Incidence and Burden of the Myelodysplastic Syndromes

Curr Hematol Malig Rep. 2015 Sep;10(3):272-81. doi: 10.1007/s11899-015-0269-y.


Since 2001, cases of myelodysplastic syndromes (MDSs) have been tracked by cancer registries. Examining registry data in the USA, the reported age-adjusted incidence of MDS per 100,000 was 3.3 per year for 2001-2003 and 4.9 per year for 2007-2011, with increases likely a result of growing awareness of reporting requirements. However, active case-finding methods repeatedly demonstrate that population-based registries have underestimated the incidence of MDS due to underreporting and underdiagnosis. Using keyword search strategies of electronic pathology reports or other novel case capture methods, the true incidence of MDS has been estimated between 5.3 and 13.1 per 100,000. Using Medicare billing claims data, the incidence of MDS per 100,000 in patients aged ≥65 years has been estimated between 75 and 162. MDS prevalence is estimated to be 60,000 and -170,000 in the USA and projected to grow. Epidemiologic data can help estimate the burden of MDS and expose unmet clinical needs. For example, patients with MDS receiving transfusions had significantly higher reported health care costs versus those that did not (3-year mean of $88,824 vs $29,519). Epidemiologic data also revealed that most MDS patients receiving transfusions do not receive active therapies, despite strong evidence that hypomethylating agents and lenalidomide significantly reduce transfusion burden. Other unmet needs identified by epidemiologic studies include high need for treatment options after failing first-line therapy and shared decision making by older MDS patients.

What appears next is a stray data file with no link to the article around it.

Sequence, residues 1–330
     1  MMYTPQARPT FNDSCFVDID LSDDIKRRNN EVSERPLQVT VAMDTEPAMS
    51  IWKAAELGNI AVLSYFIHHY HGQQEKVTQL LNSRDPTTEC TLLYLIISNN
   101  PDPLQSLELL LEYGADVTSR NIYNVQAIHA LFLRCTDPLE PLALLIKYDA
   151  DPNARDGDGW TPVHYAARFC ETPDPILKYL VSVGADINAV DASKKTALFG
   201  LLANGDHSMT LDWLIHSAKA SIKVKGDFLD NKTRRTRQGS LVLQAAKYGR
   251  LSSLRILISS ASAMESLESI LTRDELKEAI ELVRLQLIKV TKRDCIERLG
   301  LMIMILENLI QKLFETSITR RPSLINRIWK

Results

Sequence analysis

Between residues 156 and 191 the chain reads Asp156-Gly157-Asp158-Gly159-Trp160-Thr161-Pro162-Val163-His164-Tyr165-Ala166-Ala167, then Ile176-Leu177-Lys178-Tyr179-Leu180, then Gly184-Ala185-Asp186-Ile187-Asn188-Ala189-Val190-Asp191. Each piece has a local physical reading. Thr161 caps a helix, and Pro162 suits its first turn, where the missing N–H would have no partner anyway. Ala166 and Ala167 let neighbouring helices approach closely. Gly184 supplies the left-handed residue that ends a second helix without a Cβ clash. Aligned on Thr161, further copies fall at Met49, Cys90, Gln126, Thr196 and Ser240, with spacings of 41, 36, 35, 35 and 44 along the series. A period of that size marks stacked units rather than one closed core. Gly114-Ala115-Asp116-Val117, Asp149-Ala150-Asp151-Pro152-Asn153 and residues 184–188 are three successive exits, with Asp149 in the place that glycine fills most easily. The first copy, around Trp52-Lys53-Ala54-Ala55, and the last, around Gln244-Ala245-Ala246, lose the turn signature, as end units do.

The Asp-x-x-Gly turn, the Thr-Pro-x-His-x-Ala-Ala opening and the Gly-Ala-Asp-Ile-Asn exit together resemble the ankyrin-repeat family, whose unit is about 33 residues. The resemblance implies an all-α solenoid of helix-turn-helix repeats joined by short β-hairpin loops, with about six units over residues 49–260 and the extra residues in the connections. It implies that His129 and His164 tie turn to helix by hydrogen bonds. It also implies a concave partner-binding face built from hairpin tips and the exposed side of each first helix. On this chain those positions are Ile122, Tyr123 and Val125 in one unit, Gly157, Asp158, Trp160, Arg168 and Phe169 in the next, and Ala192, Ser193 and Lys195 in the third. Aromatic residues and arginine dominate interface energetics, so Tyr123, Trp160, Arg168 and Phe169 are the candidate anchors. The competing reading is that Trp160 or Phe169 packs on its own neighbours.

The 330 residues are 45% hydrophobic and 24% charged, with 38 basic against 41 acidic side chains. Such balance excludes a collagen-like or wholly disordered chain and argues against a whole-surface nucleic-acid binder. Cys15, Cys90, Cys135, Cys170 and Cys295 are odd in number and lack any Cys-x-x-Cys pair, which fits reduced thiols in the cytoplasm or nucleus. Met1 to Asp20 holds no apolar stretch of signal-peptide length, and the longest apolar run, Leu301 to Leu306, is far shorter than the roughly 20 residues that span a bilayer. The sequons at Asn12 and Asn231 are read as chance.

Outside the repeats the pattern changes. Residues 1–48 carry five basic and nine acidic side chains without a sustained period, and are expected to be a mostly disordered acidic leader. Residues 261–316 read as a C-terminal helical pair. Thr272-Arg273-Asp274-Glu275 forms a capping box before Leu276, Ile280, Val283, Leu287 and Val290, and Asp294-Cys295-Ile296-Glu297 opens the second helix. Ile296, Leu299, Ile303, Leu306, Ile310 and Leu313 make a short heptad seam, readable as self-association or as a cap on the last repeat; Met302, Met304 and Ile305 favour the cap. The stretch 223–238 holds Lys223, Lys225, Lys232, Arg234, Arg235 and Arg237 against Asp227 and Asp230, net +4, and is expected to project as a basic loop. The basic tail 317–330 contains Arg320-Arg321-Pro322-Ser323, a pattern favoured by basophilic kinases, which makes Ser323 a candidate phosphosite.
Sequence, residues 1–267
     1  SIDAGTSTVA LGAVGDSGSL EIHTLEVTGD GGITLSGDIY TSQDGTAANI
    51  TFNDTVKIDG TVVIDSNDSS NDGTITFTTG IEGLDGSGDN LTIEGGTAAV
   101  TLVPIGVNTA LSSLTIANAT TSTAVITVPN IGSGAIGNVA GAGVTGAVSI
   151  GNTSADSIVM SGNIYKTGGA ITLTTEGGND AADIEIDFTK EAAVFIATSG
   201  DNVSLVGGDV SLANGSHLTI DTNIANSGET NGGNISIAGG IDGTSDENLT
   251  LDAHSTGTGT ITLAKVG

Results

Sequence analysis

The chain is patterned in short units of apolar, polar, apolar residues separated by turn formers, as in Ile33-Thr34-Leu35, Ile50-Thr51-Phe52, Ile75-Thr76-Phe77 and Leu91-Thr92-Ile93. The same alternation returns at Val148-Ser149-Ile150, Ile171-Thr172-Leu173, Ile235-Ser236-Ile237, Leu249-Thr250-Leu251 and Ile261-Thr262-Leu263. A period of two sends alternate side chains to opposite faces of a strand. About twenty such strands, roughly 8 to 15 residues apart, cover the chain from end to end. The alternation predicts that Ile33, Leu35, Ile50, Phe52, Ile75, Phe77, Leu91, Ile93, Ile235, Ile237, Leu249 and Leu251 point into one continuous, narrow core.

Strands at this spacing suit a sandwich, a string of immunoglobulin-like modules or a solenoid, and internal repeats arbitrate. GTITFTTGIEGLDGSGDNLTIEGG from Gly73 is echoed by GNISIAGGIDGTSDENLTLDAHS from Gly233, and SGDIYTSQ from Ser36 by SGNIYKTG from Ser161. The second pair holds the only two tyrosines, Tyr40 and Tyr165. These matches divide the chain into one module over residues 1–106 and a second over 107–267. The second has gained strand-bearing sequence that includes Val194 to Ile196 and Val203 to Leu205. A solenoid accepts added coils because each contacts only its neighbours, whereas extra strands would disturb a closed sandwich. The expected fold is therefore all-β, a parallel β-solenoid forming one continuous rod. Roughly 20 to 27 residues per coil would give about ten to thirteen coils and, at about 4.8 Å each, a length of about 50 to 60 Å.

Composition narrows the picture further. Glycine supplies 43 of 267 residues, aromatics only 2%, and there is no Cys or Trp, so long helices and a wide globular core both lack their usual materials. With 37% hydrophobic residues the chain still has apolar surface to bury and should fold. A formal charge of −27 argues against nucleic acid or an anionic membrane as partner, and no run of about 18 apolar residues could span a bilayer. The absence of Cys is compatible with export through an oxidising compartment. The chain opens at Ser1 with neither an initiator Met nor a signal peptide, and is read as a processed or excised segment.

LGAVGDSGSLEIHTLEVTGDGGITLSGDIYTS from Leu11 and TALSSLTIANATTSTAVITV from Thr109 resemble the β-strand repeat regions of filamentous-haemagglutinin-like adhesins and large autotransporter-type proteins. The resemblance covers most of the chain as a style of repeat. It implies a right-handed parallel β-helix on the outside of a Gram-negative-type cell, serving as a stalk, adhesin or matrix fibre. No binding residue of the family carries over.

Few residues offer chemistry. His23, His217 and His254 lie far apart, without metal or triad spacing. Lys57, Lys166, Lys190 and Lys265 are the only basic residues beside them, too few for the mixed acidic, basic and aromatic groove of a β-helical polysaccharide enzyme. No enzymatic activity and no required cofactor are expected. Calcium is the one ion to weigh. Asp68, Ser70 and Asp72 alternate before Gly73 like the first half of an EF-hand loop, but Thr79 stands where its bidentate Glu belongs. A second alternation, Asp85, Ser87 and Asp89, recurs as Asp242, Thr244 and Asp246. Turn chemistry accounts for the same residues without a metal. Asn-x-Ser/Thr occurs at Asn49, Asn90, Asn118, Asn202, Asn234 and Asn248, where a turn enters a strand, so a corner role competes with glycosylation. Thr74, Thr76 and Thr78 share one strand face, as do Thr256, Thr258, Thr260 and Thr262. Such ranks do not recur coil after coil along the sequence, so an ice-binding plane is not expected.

Publication types

  • Research Support, Non-U.S. Gov't
  • Review

MeSH terms

  • Cost of Illness*
  • Health Services Needs and Demand
  • Humans
  • Incidence
  • Insurance
  • Myelodysplastic Syndromes / complications
  • Myelodysplastic Syndromes / economics*
  • Myelodysplastic Syndromes / epidemiology*
  • Population Surveillance
  • Prevalence
  • Registries
  • Risk
  • United States / epidemiology